Astronomers have captured a collection of elliptical galaxies in different environments

A glittering host of galaxies populate this rich image taken with ESO’s VLT Survey Telescope, a state-of-the-art 2.6-m telescope designed for surveying the sky in visible light.

This deep image of the area of sky around the elliptical galaxy NGC 5018 offers a spectacular view of its tenuous streams of stars and gas. These delicate features are hallmarks of galactic interactions, and provide vital clues to the structure and dynamics of early-type galaxies.
This deep image of the area of sky around the elliptical galaxy NGC 5018 offers a spectacular view of its tenuous streams of stars and gas. These delicate features are hallmarks of galactic interactions, and provide vital clues to the structure and dynamics of early-type galaxies. Credit: ESO/Spavone et al.

Utilizing the sensitive OmegaCAM detector at the core of the VST, a group driven by Marilena Spavone from INAF-Astronomical Observatory of Capodimonte in Naples, Italy, caught pictures of a wide variety of galaxies in various environments.

One of these systems is NGC 5018, the milky-white galaxy near to the center point of this picture. It lies in the star grouping of Virgo (The Virgin) and may at first take after only a diffuse blob. Be that as it may, on closer investigation, a questionable stream of stars and gas — a tidal tail — can be seen extending outwards from this circular system. Fragile galactic highlights, for example, tidal tails and stellar streams are signs of galactic features and give indispensable insights to the structure and elements of cosmic systems.

This annotated view of the surroundings of the elliptical galaxy NGC 5018 shows many of its neighbours. It also reveals a few asteroids that were captured by chance during the deep exposures needed to reveal the delicate streams of stars between the galaxies.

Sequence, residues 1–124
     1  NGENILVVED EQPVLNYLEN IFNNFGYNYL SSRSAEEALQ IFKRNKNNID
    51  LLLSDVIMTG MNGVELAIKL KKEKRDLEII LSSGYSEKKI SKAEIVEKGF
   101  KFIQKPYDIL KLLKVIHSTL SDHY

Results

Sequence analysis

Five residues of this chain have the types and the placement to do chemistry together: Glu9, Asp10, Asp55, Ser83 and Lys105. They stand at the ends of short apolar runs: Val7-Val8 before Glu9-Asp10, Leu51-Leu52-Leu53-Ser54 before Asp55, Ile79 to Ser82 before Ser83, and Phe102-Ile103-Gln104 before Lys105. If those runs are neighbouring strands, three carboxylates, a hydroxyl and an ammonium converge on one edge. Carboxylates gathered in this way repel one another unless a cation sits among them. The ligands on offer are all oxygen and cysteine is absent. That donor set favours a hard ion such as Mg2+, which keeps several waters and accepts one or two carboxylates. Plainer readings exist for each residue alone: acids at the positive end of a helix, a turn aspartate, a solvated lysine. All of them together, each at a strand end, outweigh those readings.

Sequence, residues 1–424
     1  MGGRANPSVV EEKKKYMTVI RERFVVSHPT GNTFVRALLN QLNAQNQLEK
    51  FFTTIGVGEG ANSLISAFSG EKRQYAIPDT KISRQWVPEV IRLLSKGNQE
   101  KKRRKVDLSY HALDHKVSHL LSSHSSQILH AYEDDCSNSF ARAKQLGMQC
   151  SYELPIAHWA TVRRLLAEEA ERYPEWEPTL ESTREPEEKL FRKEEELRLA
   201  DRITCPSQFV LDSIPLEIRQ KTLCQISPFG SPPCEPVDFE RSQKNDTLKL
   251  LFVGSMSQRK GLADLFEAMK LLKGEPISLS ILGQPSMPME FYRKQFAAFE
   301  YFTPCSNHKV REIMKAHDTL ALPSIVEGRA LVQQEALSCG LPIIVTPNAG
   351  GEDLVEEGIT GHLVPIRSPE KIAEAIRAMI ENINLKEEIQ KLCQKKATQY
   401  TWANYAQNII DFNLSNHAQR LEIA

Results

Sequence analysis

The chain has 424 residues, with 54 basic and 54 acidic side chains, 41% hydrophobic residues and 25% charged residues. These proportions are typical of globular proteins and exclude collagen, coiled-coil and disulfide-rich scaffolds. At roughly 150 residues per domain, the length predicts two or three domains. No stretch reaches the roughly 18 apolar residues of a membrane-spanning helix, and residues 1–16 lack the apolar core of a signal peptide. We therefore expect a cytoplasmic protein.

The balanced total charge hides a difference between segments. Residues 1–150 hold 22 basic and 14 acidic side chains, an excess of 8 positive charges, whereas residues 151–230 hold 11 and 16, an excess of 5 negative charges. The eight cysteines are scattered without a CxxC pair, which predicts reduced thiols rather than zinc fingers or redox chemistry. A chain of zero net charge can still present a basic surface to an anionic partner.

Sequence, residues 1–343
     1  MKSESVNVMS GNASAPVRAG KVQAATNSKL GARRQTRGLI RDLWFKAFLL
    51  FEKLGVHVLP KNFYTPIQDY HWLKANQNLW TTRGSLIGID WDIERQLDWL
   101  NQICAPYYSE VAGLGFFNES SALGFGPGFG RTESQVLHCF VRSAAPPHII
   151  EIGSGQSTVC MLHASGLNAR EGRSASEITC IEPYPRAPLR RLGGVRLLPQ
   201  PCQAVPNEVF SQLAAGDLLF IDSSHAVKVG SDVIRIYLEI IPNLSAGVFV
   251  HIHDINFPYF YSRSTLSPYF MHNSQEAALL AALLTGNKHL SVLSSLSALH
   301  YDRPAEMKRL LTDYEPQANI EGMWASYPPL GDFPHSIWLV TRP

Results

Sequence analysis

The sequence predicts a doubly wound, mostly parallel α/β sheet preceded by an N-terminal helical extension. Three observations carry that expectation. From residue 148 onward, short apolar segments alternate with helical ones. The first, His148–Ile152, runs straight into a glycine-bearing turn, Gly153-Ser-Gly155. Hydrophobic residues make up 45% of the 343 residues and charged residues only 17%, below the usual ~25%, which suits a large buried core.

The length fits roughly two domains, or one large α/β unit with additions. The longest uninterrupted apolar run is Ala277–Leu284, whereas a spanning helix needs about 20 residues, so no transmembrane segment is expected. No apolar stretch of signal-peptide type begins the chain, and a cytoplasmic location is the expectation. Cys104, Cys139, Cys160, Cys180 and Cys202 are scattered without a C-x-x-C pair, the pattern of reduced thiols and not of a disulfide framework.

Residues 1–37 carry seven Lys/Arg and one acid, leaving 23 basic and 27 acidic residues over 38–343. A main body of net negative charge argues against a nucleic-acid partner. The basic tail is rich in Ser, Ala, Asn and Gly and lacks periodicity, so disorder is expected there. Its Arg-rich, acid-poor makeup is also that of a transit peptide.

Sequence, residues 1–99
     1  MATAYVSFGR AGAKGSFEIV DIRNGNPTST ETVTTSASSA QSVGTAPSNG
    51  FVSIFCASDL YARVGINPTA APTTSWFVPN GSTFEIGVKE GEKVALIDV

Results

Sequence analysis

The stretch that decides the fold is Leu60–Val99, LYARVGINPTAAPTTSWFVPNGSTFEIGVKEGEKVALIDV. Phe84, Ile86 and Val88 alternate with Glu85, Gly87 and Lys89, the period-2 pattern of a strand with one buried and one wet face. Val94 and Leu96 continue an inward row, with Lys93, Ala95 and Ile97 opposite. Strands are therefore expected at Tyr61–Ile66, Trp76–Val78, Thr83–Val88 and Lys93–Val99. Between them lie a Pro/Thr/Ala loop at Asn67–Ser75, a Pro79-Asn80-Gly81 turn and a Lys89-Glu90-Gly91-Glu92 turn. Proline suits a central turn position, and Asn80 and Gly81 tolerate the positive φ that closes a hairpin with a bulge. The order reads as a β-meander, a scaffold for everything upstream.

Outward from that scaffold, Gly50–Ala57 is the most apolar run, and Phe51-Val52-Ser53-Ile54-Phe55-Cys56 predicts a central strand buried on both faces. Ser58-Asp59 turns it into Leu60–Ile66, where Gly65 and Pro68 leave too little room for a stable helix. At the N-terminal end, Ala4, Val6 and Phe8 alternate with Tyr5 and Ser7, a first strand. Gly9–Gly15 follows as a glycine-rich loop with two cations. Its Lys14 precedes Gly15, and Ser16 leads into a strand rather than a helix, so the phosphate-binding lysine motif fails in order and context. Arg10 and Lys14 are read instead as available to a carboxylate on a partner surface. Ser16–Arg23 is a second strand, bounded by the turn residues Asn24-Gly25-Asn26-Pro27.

This annotated view of the surroundings of the elliptical galaxy NGC 5018 shows many of its neighbours. It also reveals a few asteroids that were captured by chance during the deep exposures needed to reveal the delicate streams of stars between the galaxies.
Credit: ESO/Spavone et al.

As well as the many elliptical (and a few spirals) galaxies in this remarkable 400-megapixel image, a colorful variety of bright foreground stars in our own Milky Way Galaxy also pepper the image. These stellar interlopers, such as the vividly blue HD 114746 near the center of the image, are not the intended subjects of this astronomical portrait, but happen to lie between the Earth and the distant galaxies under study.

This chart shows most of the stars in the constellation Virgo (The Virgin) that can be seen with naked eye on a clear dark night. NGC 5018 can be found to the south of the brightest star in Virgo — α Virginis, better known by its popular name Spica.
This chart shows most of the stars in the constellation Virgo (The Virgin) that can be seen with naked eye on a clear dark night. NGC 5018 can be found to the south of the brightest star in Virgo — α Virginis, better known by its popular name Spica.
Credit: ESO, IAU and Sky & Telescope

Less prominent, but no less intriguing, are the faint tracks left by asteroids in our own Solar System. Just underneath NGC 5018, the faint streak left by the asteroid 2001 TJ21 (110423) — captured more than a few progressive perceptions — can be seen extending over the picture. Further to one side, another space rock — 2000 WU69 (98603) — left its follow in this staggering picture.

While astronomers set out to investigate the delicate features of distant galaxies millions of light-years from Earth, in the process they also captured images of nearby stars hundreds of light-years away, and even the faint trails of asteroids only light-minutes away in our own Solar System. Even when studying the furthest reaches of the cosmos, the sensitivity of ESO telescopes and dark Chilean skies can offer entrancing observations much closer to home.

This research was presented in the paper “VEGAS: A VST Early-type Galaxy Survey. III. Mapping the galaxy structure, interactions and intragroup light in the NGC 5018 group” by Marilena Spavone et al., to appear in the Astrophysical Journal.